Whedon explained his reasoning in a lengthy talk with BuzzFeed. "I just thought, Wait a minute, if I'm going to start writing again, I have to go to the quiet place," he said. "And this is the least quiet place I've ever been in my life. ... It's like taking the bar exam at Coachella. It's like, Um, I really need to concentrate on this! Guys! Can you all just... I have to... It's super important for my law!"
There's a lot of negativity on Twitter, but also a lot of positivity, and both sides can mess with your head. As Whedon put it:
So many people have said mean things, but so many people have said wonderful things. But how much approbation do I need before I become creepy? I so appreciate when people took the time to say something nice. But for my own self, it's like, at some point, you're just like a little compliment leech. That's not going to help your writing any more than people slamming on you."
"Compliment leech." That's a good one. It's very true of a lot of stars, and their enabling fans, who insist on pure worship with any critic immediately deemed a "hater." So Whedon broke up with Twitter and even gave the classic It's Not You, It's Me spiel:
The real issue is me. Twitter is an addictive little thing, and if it's there, I gotta check it. When you keep doing something after it stops giving you pleasure, that's kind of rock bottom for an addict. ... I just had a little moment of clarity where I'm like, You know what? If I want to get stuff done, I need to not constantly hit this thing for a news item or a joke or some praise, and then be suddenly sad when there's hate and then hate and then hate."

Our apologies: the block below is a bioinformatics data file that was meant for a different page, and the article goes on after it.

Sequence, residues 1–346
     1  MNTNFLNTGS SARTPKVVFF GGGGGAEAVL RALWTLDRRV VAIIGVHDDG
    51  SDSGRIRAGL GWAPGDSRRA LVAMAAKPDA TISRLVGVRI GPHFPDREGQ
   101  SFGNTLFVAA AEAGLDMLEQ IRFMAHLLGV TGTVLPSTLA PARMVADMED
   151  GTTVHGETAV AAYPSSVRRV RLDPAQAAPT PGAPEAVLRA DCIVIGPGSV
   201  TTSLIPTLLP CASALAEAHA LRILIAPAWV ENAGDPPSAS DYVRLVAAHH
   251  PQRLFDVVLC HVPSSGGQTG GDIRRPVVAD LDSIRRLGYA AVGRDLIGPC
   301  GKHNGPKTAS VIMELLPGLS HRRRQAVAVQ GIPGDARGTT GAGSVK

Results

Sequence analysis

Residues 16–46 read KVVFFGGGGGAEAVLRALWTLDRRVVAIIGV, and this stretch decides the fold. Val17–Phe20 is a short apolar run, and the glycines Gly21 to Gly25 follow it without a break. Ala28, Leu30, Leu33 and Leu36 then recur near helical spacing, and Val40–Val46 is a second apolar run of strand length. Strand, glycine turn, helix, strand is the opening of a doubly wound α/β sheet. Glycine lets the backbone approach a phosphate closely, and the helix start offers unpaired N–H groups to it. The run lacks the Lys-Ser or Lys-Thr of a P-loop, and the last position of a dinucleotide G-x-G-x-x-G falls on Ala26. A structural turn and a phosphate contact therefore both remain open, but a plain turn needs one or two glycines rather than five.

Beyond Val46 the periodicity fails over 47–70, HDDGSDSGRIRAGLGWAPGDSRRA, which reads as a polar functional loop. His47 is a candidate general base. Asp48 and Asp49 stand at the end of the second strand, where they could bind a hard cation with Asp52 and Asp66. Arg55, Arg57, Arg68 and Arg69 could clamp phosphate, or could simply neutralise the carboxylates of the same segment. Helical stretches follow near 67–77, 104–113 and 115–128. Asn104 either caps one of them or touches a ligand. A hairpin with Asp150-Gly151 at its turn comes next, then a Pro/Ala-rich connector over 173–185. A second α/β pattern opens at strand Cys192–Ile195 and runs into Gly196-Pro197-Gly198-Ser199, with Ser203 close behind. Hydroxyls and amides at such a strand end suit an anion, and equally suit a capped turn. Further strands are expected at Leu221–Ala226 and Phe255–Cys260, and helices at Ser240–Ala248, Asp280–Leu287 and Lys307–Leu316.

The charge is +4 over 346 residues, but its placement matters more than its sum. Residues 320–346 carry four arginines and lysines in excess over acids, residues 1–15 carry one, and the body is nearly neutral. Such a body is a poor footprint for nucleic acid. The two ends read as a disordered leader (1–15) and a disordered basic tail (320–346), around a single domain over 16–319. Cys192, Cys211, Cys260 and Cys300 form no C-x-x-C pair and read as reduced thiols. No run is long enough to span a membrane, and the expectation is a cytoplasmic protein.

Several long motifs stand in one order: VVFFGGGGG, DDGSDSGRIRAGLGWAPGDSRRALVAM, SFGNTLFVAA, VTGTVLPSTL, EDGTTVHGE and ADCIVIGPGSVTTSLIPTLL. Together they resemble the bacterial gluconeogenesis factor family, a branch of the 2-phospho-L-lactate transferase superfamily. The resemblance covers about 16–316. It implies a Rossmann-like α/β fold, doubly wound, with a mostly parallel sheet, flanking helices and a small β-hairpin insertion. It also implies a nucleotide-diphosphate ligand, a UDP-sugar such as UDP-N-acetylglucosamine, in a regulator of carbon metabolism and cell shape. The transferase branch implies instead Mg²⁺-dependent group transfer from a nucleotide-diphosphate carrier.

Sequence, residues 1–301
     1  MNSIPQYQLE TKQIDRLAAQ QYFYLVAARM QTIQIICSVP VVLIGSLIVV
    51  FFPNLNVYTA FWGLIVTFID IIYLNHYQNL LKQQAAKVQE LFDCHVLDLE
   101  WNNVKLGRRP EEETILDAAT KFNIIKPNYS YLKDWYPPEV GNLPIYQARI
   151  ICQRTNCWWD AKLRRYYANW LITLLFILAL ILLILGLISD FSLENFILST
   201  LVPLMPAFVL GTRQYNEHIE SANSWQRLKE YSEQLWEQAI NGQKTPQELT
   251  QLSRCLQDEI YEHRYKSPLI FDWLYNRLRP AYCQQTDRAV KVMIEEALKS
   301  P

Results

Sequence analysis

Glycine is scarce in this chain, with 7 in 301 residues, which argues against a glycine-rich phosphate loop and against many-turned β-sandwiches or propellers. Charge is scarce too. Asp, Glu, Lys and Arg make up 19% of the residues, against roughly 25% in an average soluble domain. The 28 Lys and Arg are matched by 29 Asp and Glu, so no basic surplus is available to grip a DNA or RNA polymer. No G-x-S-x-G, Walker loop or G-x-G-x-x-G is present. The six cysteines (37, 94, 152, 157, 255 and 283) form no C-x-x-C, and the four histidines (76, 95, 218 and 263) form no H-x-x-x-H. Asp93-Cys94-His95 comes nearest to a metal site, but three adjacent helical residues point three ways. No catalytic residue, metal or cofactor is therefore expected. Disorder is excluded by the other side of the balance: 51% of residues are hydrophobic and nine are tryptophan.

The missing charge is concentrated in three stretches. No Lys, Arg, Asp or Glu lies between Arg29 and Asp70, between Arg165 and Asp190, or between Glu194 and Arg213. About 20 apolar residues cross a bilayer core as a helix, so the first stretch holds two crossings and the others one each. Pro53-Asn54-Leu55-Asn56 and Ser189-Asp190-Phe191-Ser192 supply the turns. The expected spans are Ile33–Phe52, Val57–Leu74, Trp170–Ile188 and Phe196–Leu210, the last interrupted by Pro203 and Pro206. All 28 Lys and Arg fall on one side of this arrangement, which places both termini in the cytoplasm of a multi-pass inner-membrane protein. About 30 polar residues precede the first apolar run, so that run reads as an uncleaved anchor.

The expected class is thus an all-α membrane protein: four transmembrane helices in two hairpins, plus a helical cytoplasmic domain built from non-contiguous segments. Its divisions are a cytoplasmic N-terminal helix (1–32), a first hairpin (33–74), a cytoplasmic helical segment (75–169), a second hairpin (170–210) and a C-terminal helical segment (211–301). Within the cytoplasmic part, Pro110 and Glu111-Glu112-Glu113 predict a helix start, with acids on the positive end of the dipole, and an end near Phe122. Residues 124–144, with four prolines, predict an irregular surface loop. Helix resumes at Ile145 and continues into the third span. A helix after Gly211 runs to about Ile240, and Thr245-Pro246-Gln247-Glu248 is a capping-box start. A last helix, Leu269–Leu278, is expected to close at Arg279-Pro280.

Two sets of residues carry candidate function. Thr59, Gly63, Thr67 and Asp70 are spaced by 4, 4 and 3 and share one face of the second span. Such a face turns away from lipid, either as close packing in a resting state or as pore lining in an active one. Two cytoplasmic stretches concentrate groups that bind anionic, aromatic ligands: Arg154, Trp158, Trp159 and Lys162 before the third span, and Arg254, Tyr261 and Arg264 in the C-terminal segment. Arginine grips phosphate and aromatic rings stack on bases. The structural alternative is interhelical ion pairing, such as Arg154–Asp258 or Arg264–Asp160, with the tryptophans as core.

He said he'd consider rejoining Twitter at some point, but he'll probably stay gone until the next big promotional blitz. Because then it would be headline news. (Not that he put it that way, but it would actually be a smart PR move.)
And while Whedon did call BS ("horsesh-t") on the rumor that militant feminists pushed him off Twitter, he does have some deep, conflicted thoughts on the whole political spectrum and backlash. It's frustrating that "Every breed of feminism is attacking every other breed, and every subsection of liberalism is always busy attacking another subsection of liberalism," however, this is not a win for anti-feminists. "I saw a lot of people say, 'Well, the social justice warriors destroyed one of their own!' It's like, Nope. That didn't happen. I saw someone tweet it's because Feminist Frequency pissed on Avengers 2, which for all I know they may have. But literally the second person to write me to ask if I was OK when I dropped out was [Feminist Frequency founder] Anita [Sarkeesian]." He praised Sarkeesian for staying on Twitter to fight back the trolls, calling it a "statement of strength and empowerment and perseverance, and it's to be lauded."
So he's not off licking his wounds. But it sounds like he's also too busy talking about why he quit Twitter to do the work he quit it for. So now that we have our explanation, let's leave him to write the next thing we can all fight about.